Unfortunately, this did not mean that Mary had more opportunity for study and reflection. Having no other companion, Mrs Bennet drew entirely upon Mary to keep her entertained. In vain did Mary attempt to impress upon her mother the joys of reading and self improvement. Instead, her days were spent mostly mired in gossip and the discussion of bonnets. She did manage to persuade Mrs Bennet to allow Mary to sometimes read to her aloud, but the subject matter never rose above the level of newspaper reports and low romance.
A visit to Mr Darcy's estate at Pemberley had thus sounded like a blessed reprieve. And well it might be, if she could survive the journey.
Mary was faced with a familiar decision: talk to her mother, talk to her father, or sit in silence. She had nearly settled on the final option when Mr Bennet, having evidently made a similar calculation, took the choice away.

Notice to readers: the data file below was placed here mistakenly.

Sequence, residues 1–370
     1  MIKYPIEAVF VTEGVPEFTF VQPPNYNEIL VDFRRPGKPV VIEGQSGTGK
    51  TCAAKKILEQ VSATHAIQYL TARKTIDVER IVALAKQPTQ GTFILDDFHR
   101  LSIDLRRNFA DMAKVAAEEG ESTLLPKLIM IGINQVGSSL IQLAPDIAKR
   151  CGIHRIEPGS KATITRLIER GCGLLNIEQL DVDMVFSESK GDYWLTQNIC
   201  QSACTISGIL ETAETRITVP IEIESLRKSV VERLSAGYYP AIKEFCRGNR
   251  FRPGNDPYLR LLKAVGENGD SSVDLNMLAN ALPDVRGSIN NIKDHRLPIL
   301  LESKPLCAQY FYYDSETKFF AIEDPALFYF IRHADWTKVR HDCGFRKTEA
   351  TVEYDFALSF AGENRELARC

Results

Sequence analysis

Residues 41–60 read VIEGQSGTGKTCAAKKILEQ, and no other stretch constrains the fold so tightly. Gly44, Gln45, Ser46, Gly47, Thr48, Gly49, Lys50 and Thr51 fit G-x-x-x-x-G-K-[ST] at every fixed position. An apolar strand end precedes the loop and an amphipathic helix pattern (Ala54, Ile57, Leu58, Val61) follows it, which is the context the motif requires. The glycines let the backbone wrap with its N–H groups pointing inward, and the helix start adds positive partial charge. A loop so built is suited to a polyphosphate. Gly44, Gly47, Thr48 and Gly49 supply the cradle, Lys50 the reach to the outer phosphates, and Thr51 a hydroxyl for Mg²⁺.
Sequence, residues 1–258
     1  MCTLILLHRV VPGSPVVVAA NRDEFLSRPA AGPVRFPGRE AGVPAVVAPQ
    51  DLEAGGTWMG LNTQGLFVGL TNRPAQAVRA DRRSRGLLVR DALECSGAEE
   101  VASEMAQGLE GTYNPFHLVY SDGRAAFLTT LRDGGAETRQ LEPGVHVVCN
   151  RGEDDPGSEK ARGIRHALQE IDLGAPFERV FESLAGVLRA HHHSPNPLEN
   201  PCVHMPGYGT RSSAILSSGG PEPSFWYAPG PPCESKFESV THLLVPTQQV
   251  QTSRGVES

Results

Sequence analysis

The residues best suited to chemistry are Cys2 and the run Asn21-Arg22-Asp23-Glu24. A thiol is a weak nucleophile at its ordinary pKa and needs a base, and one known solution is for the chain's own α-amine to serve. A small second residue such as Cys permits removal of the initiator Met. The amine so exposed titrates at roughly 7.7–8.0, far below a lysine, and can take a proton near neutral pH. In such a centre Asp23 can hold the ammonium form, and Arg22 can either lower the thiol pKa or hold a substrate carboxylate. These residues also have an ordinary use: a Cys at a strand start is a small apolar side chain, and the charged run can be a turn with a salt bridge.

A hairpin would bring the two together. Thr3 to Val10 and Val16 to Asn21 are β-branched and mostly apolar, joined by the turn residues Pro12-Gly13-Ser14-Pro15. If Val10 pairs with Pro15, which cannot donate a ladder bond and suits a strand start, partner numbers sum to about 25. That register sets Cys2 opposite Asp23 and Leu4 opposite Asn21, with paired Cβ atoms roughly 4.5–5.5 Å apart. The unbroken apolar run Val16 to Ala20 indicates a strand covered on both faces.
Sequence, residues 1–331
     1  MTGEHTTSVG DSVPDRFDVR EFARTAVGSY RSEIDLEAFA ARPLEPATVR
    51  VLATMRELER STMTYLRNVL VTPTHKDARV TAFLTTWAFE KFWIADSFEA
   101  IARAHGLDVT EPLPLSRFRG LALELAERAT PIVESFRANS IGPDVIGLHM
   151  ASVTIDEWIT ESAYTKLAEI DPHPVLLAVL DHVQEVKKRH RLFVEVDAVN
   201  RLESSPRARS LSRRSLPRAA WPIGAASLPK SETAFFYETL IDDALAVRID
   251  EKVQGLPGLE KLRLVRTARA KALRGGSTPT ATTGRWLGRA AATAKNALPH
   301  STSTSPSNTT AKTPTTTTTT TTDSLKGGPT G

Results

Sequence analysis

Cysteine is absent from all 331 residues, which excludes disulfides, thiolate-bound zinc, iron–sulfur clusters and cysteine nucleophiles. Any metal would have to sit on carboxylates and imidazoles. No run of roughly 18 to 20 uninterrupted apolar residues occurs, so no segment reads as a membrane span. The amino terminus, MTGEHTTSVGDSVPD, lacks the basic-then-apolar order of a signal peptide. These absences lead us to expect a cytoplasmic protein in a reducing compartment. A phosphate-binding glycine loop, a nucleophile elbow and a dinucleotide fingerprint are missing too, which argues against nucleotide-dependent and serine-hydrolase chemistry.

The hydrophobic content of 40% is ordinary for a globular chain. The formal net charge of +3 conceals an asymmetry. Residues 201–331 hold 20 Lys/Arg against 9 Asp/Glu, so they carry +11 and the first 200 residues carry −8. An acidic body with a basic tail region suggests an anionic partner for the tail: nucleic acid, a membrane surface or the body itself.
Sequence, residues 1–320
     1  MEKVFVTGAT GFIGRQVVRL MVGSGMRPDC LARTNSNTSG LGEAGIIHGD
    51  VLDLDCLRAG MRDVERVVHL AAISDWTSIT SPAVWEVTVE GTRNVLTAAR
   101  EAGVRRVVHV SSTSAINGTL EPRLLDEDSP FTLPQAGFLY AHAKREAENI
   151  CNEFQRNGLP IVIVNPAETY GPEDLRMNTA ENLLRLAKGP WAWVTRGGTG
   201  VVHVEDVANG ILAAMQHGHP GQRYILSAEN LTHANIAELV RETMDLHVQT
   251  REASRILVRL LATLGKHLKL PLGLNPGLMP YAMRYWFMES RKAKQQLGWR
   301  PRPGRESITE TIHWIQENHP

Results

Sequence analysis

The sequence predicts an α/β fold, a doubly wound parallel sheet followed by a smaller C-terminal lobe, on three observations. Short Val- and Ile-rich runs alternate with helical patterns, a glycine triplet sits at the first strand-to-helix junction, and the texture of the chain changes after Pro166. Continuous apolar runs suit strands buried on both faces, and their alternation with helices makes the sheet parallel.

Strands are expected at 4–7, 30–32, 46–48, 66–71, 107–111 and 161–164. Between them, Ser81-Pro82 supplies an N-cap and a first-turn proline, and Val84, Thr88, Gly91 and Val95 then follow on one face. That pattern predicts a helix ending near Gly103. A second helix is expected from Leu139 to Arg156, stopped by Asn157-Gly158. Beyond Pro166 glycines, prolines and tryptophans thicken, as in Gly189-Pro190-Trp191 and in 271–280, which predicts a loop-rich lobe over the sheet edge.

"Mary," he said, smiling, "what book has so captured your fancy? Something worthy, no doubt?" Mary was not adept at reading the subtext to people's words, but felt quite certain that he did not mean this as a compliment.
"'Instructive and Entertaining Exercises With the Rules of the French Syntax'," replied Mary.
"French entertainment?!" responded her father in surprise. "Surely Mrs Murray would not approve!"
"Oh!" Mary began, in a reassuring tone. "Do not worry. The text is not intended as literal entertainment. In fact it is quite dry. And in the latest Mentoria, Mrs Murray said that..." Mary trailed off when she realised that her father was wearing his familiar teasing expression. Ah. He had been joking.
She frowned and returned to her book.
A few minutes passed. She decided that, being a mature and dutiful daughter, she would try to make proper conversation even if he would not. "And what are you reading, father?"